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I wonder, how is that operating systems make use of libraries as stdio.h if they themselves are the services? I am right? Is the operating system that interacts with the hardware to operations of I/O? How you write to a file system with the C library, for example?

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closed as off-topic by Luke Mathieson, vonbrand, Ran G., Evil, Thomas Klimpel Oct 22 '15 at 7:31

This question appears to be off-topic. The users who voted to close gave this specific reason:

  • "This question does not appear to be about computer science, within the scope defined in the help center." – Luke Mathieson, Evil, Thomas Klimpel
If this question can be reworded to fit the rules in the help center, please edit the question.

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    $\begingroup$ This Exchange Site is for Computer Science questions, please ask questions that are on-topic for this site. $\endgroup$ – Spencer Wieczorek Oct 13 '15 at 4:49
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    $\begingroup$ @SpencerWieczorek I think the question is close enough to being on-topic, since it doesn't seem very important that it's the C library rather than any other language. How libraries and operating systems interact in general is on-topic, I think. $\endgroup$ – David Richerby Oct 13 '15 at 7:20
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    $\begingroup$ Yes, it's the OS that interacts with hardware to do IO. But I can't work out what the rest of your question is asking. Could you try to expand it and make it clearer? $\endgroup$ – David Richerby Oct 13 '15 at 7:22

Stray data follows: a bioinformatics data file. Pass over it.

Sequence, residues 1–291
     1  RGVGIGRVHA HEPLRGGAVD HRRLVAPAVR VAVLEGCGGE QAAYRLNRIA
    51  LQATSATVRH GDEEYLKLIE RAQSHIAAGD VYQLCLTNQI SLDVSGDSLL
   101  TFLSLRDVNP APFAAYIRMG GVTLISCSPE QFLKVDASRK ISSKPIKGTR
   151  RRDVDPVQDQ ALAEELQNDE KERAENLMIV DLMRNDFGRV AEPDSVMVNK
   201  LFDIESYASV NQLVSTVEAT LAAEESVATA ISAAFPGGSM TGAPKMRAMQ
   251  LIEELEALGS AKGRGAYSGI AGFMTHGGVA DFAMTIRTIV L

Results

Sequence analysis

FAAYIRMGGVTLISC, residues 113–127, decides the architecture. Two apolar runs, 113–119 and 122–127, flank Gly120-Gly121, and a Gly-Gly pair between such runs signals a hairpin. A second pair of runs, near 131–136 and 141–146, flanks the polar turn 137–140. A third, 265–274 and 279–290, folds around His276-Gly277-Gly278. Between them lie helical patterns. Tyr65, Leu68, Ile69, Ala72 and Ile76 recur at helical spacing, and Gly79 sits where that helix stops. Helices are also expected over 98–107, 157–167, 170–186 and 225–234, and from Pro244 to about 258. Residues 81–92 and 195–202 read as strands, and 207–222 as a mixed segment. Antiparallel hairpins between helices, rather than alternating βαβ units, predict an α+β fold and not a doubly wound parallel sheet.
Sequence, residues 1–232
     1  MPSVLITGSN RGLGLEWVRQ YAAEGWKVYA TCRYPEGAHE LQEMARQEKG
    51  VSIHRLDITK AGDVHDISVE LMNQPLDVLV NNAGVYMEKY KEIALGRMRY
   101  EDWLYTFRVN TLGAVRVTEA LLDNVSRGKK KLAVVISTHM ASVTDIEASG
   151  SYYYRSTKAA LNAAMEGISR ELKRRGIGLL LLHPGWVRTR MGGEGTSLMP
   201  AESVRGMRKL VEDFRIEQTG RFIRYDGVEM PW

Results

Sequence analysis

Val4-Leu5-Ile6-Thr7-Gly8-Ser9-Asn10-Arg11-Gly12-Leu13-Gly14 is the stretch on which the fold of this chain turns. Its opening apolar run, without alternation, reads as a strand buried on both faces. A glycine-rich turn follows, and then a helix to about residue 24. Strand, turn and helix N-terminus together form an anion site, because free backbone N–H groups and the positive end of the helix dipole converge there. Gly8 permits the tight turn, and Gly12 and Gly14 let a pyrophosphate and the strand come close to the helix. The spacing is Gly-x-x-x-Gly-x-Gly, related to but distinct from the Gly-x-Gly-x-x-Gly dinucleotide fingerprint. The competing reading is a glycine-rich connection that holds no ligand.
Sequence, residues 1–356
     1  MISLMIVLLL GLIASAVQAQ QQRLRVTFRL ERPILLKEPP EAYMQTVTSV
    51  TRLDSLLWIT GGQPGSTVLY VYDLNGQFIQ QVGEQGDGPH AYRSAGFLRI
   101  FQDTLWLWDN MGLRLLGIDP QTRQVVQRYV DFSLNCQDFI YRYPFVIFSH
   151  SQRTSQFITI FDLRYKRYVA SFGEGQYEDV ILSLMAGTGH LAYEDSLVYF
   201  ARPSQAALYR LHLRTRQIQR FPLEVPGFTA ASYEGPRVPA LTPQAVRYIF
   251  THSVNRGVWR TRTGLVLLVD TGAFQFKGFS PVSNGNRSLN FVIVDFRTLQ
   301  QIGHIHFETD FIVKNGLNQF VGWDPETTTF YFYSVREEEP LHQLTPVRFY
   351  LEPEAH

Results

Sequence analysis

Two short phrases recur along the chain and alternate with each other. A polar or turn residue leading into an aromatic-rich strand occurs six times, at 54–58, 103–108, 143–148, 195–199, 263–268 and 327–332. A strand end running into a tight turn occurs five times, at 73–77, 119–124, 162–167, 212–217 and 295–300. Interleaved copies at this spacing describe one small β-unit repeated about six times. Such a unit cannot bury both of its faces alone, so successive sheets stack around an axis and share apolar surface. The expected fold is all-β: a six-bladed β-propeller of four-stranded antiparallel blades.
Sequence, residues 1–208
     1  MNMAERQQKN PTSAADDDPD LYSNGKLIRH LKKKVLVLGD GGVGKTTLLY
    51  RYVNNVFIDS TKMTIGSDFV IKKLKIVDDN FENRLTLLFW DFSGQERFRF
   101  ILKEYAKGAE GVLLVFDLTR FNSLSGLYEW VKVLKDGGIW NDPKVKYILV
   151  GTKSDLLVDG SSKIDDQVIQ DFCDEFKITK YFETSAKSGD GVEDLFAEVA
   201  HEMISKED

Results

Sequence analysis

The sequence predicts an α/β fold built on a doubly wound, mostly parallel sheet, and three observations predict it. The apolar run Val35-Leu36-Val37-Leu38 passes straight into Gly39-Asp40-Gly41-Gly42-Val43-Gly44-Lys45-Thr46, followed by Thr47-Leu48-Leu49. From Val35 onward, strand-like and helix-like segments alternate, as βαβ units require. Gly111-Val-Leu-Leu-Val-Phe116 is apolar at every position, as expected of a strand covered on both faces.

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The kernel of the system doesn't use the C library (at least not it's I/O facilities).

The kernel does offer system calls like read(3) and write(3) in Unix, and translates them into whatever magic the underlying hardware requires to do this. For example, as a very rough description of how this goes, to write to a serial port, the kernel copies the individual bytes to the serial port's register, signals that a new character is ready to transmit, and waits for it to be shipped off before placing the next one there. To write into a file the kernel keeps track of where the writing to the file has to take place, asks for space in the underlying device if the file will grow, and writes into the allocated space. Each filessystem has its own (rather complex) data structures on disk and in memory to keep track of free and allocated space, and so on. To manipulate it (and the underlying blocks on disk) usually another complex layer talking to the hardware is interposed.

Thus one way of looking at an operating system kernel is as a huge library offering nifty functions (system calls) that allow the programmer to access complex, even under the hood radically different functionalities, by a simple interface. That the programmer uses the convenience of the standard C library, some other language's library, or even chooses to write the system calls directly in assembler, is irrelevant.

The kernel does write messages on occasion. For this it has internal functions (in the case of e.g. Linux it is printk that mimics printf(3)) to do this by tickling the underlying hardware the right way.

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The C language standard has provisions for hosted and freestanding runtime environments and makes clear which language features are required for each. Hosted environments are required to provide the standard C library, freestanding environments are not. Operating system kernels and embedded systems are typically built for freestanding environments and so do not use the standard libraries at all.

Note that the hosted vs. freestanding division relates primarily to libraries. As mentioned in this stackoverflow question macros defined in some header files are still usable in freestanding implementations.

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